Great Pyrenees Mountain Dogs become Great Pyrenees Rescue dogs for any number of reasons. Here a few of them:
1. The owner has to give them up for a variety of reasons including changes in lifestyle, job loss, marriage breakdown, health issues, etc. The Club does not pry into the rescue dog’s history except to determine if there are specific problems with temperament, as we need to have this information to pass on to potential adoptive families. Some dogs are too aggressive or do not get along with other dogs, other pets or young children. Sometimes this is just a case of no training, but sometimes the pattern is so well established that it will be difficult to overcome. So placement must be very specific.
The club’s Great Pyrenees Rescue section is non judgmental as to why an owner must give up the dog as this could be viewed as a deterrent and result in a person deciding not to turn over the dog and just abandoning it instead. This is much worse on the dog, so we try to avoid it at all costs.
It really is amazing the stories we hear as to why a dog must be turned over. Believe it or not a very common reason Great Pyrs become dog rescues is that the dog just got so BIG. If you ask the people, they will admit that they saw Mom and Dad at the kennels and they were big, that they saw other Great Pyrs and they were big, but they just fell in love with the puppy. And they did not realize that "their dog" would get to be a big dog. We know it’s hard to understand, but sometimes love is blind!
2. The dogs are abandoned. These rescue dogs are brought into Humane Societies or Pounds, as they are strays. They are usually a mess - coats all matted, often malnourished, with open cuts and sores, often having been in fights in the wild. These dog rescues take the longest to recover and get back into shape before we can put them up for adoption. The club’s Great Pyrenees Rescue section usually never finds out where they came from so we usually have no background on the dogs. Many of these are never registered, so we can only assume they were originally from a puppy mill.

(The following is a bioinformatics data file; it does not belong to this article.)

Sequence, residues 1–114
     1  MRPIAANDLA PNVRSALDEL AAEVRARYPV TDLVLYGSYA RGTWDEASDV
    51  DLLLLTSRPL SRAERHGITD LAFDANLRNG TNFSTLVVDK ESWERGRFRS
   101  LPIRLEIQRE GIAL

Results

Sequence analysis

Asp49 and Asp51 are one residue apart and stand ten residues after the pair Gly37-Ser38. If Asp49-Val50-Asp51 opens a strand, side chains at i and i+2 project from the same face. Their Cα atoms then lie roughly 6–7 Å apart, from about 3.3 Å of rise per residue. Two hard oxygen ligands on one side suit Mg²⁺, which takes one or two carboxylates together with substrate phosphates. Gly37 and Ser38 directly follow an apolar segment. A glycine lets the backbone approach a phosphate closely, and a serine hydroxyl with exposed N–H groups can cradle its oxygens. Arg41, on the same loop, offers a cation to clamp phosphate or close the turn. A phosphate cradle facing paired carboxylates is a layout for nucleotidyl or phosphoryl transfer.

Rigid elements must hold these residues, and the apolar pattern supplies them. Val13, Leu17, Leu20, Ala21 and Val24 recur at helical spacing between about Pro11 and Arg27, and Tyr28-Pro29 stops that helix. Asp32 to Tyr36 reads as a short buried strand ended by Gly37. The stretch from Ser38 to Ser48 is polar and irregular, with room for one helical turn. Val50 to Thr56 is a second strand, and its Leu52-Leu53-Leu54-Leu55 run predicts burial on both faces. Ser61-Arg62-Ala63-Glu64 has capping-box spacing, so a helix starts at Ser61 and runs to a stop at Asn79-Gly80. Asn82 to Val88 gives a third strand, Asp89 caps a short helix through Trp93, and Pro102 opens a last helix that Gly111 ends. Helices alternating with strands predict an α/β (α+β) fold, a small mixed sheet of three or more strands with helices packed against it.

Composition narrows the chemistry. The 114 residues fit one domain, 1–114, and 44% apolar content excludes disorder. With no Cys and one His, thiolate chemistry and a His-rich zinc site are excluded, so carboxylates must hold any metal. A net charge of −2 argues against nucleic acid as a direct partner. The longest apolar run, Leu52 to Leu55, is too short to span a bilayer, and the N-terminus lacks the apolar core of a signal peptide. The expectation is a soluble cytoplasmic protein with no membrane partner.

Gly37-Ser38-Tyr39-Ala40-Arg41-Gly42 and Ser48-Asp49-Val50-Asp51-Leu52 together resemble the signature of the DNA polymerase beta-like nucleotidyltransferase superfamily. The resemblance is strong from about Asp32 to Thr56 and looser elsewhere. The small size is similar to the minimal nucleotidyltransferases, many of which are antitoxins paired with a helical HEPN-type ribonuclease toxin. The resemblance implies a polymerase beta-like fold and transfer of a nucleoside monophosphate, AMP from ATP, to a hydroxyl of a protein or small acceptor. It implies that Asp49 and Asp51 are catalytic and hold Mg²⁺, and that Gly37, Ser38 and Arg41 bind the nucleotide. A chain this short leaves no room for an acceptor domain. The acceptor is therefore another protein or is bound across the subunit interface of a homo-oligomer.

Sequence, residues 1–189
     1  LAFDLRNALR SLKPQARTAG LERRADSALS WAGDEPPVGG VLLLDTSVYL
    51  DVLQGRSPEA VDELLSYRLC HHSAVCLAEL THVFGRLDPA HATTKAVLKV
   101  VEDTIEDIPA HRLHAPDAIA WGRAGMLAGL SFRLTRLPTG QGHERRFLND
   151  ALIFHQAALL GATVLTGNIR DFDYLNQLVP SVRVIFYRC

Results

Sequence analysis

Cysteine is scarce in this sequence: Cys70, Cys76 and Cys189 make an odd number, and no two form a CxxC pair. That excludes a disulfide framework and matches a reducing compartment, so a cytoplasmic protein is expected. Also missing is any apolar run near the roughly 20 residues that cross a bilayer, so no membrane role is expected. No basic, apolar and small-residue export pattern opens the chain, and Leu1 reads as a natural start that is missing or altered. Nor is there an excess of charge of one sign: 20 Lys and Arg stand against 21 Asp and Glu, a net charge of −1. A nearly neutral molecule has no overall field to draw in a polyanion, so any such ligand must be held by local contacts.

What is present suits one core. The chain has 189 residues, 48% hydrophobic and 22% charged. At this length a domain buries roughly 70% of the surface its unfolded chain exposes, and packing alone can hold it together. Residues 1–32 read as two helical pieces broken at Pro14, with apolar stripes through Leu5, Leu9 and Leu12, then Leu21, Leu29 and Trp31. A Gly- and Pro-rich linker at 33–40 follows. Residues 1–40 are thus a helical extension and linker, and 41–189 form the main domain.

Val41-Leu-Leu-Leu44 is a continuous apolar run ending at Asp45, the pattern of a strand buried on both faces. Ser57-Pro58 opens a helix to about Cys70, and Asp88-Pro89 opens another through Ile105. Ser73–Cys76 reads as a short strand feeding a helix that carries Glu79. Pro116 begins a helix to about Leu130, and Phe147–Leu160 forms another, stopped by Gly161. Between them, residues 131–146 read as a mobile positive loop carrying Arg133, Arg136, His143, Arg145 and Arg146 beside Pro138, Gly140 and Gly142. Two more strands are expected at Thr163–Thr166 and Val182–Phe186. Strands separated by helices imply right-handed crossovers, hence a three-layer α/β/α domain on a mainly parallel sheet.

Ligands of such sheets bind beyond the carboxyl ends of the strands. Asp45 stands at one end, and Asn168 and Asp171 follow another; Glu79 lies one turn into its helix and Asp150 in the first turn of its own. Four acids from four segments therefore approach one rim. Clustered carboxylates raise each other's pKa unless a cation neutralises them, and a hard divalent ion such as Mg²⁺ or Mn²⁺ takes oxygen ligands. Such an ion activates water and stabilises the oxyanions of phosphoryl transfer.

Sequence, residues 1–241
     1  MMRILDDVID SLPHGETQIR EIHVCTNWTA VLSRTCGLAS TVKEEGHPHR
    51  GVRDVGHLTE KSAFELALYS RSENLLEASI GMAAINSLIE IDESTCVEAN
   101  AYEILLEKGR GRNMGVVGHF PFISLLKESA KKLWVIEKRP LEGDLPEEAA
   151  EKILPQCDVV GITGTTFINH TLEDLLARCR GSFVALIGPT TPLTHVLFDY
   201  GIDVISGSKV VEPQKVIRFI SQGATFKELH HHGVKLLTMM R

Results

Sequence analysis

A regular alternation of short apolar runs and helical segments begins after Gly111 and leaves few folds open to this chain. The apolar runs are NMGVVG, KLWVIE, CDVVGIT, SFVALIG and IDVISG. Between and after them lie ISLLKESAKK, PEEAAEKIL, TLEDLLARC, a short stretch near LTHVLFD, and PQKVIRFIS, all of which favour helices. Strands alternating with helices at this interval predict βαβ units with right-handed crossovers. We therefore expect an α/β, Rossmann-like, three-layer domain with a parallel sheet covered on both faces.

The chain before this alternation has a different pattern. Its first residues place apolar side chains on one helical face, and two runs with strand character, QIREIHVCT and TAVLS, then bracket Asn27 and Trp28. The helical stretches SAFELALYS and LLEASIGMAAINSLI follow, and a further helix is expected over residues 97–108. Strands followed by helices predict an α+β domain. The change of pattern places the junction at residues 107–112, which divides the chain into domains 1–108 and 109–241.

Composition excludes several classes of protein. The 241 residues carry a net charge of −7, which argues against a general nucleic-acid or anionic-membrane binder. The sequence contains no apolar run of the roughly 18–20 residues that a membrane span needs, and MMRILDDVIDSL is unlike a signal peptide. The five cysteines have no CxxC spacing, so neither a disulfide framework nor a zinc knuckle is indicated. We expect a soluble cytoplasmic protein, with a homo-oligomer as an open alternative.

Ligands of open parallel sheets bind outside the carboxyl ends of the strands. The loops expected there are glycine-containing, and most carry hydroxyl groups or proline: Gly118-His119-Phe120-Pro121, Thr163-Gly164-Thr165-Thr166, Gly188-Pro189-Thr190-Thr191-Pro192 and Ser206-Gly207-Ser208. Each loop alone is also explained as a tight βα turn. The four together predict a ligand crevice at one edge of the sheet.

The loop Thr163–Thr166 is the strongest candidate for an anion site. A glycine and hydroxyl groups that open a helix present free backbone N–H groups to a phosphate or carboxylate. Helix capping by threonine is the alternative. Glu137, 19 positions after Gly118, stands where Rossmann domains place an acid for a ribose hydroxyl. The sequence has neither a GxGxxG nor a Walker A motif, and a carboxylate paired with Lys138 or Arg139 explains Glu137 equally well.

3. The dogs are neglected. These rescue dogs are usually from a puppy mill that the Humane Society has gone into but certainly can be from an individual home where the owner has been reported. These dogs often are distrustful of people as a result of having been abused. If it is a case of neglect, these rescue dogs respond readily to kindness but are still wary.
Return to our Great Pyrenees Rescue Page
Jul 19, 19 05:16 AM
*In Foster-to-Adopt* Four-year-old Marley came in with Kane. She has some health issues including epilepsy and allergies. Here is information on epilepsy.
Jul 08, 19 10:26 AM
After my son researched the anatolian/pyrenees mix he approved of my buying a pup for their little family which consists of my son, my daughter in law
Jul 03, 19 08:04 AM
I have a Great Pyrenees by the name Momo and when I give her a bath she would stay clean about 4 days and get right back dirty again.... And it’s summer
Jul 03, 19 08:00 AM
I found 2 male GP puppies in a box by the side of the highway a month ago. I took them to the vet and other than being infested with fleas and underweight
Jun 28, 19 07:33 AM
We have a rescued 3 year old GP. She is reactive and has fear issues. Our positive trainer suggested slowly acclimating her to movement outside keeping
Jun 25, 19 01:53 PM
*ADOPTION PENDING* DOB: August 22, 2018 Pyr mix Dogs: Yes but advise a female resident dog as dogs of same sex do not always see eye-to-eye. Cats:
Jun 19, 19 08:54 AM
Kobe went into foster and he was adopted before we could post him. Congratulations Kobe and family. DOB: March 25, 2017 Kobe is a big white fluffy. He
Jun 19, 19 05:26 AM
*ADOPTED* Not all families are suited to a particular dog and so, with Yuki, her sweet personality attracting a few families but not truly understanding